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Holy Encounters

 

Food in Ougadougou is very good. I had dinner last night in the Eau Vive, a kind of church restaurant.

The “sister” serving us has a tattoo of the sacred heart on her wrist
Farai Sevenzo
 

A group of nuns run this place, and as you walk in, a statue of the Virgin Mary watches you from a distant grotto.

I sit down and notice that the “sister” serving us has a tattoo of the sacred heart on her wrist, and she is from Peru.

On a continent carved up by 19th century Europe, the pulse of age-old empires still throbs all around us.

The French call the British "roast beef", and the English call the French "frogs", and in the middle Africans still define themselves by their colonial allegiances.

I ordered my starter and went for the frog legs, very tasty they were too – fried in garlic.

I kept thinking about a frog’s bone structure, amazing how they leap about on these springy legs I’m chewing on.

Colonials and hail marys

 

Jean Marie Teno, from Cameroon has a film here called The Colonial Misunderstanding.

It’s a strong documentary looking at German missionary societies in Africa.

He puts forward the notion that Hitler’s Germany got the big idea of mass extermination from the way earlier German colonisers massacred millions of Africans.

A million of the Herero tribe in Namibia alone.

In the middle of dinner a strange thing happens. The nuns serving us suddenly break into a rendition of “Ave Maria”.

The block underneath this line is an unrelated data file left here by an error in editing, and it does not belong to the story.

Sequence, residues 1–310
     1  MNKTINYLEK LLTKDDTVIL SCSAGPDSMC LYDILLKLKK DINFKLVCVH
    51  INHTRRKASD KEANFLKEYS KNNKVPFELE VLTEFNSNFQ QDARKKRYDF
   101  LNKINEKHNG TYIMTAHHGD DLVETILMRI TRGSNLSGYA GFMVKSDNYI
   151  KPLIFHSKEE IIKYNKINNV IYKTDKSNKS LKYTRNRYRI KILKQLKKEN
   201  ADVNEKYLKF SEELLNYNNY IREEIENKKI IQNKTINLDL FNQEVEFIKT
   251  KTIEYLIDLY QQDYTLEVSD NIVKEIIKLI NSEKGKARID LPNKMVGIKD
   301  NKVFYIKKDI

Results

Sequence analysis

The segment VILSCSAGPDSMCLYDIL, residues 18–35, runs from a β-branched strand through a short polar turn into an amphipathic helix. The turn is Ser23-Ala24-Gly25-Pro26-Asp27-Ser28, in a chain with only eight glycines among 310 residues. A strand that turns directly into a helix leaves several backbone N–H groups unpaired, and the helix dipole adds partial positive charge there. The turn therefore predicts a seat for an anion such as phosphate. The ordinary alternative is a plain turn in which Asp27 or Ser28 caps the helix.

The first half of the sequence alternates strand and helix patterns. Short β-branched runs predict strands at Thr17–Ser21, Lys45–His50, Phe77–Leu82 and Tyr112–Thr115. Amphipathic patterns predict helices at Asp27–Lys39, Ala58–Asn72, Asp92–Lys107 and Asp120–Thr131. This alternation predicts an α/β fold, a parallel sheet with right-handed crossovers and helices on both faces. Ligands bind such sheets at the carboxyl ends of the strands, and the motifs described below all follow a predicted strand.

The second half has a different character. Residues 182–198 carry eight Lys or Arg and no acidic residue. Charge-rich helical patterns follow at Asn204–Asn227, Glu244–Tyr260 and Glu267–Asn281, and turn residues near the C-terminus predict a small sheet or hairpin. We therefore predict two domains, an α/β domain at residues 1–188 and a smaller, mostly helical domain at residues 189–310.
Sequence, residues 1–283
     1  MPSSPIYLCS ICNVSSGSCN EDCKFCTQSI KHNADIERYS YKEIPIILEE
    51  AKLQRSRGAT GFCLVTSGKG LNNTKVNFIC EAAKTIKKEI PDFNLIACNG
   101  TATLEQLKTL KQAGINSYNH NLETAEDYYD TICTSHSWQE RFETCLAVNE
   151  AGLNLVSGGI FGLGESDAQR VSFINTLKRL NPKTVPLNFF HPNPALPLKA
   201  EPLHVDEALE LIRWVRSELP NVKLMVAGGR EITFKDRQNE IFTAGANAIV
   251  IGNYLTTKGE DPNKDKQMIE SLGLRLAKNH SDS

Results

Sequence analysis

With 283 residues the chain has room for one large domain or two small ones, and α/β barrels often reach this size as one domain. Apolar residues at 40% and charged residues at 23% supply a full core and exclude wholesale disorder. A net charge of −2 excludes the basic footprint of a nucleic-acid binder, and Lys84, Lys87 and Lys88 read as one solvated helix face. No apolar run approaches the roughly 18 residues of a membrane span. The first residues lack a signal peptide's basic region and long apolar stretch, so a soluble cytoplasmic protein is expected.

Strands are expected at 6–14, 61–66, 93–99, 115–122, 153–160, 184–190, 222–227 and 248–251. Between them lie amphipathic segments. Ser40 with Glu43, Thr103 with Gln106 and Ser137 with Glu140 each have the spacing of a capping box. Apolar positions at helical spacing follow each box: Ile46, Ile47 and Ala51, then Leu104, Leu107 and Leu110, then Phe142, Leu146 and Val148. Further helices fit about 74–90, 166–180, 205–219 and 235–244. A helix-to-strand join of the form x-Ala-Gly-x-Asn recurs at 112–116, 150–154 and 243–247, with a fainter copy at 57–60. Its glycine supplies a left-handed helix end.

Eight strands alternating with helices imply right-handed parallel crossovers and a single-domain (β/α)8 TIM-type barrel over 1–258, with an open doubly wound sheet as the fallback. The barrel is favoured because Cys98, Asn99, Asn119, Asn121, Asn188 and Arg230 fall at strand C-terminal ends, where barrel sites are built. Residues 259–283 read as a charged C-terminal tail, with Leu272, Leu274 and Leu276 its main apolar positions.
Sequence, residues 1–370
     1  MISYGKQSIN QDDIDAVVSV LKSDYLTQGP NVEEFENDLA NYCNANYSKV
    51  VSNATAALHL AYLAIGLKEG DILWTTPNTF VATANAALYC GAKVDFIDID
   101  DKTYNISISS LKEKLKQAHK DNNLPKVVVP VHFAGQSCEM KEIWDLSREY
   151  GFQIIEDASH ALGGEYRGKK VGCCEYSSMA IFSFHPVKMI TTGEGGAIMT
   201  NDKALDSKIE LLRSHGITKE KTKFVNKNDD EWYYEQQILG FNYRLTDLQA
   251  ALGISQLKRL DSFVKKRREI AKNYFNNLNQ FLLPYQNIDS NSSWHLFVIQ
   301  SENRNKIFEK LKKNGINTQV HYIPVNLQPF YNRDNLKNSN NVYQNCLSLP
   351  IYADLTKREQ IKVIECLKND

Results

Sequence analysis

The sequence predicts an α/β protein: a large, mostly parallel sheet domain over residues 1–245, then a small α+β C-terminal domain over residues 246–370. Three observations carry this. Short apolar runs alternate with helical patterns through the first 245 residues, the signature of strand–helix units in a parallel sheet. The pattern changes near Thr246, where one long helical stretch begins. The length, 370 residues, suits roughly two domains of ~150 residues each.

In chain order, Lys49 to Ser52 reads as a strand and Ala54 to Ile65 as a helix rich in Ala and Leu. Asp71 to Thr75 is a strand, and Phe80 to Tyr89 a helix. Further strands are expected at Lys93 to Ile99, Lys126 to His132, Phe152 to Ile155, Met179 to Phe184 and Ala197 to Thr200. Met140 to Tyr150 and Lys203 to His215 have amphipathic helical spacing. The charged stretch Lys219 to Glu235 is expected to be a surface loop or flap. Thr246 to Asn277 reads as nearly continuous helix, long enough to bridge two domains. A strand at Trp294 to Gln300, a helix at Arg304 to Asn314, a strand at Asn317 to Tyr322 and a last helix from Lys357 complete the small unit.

Now I love my God just as much as the next nun, but this seems a bit much.

They stand to attention and keep on hailing Mary, then they ask all of us to join them in prayer.

Le Maletendu Colonial
A scene from the film "A colonial misunderstanding"

More movies to watch – Branwin Okpako is a Nigerian filmmaker I met 12 years ago at the Berlin Film School.

She has a movie here called Valley of The Innocents, it’s a bit of a love hate film – some people love it, some people hate it.

She is here to push her new film, and it’s in competition.

“Zulu Love Letter” by Ramadan Sulieman plays soon.

I met my South African brother in the restaurant and asked him for an interview about love letter – “No, I’m not talking to the BBC, the BBC have no interest in funding African films.” Ouch.

Tomorrow we may meet the president of Burkina Faso, in his village 30km’s out of Ouagadougou.

Need to get my suit pressed.
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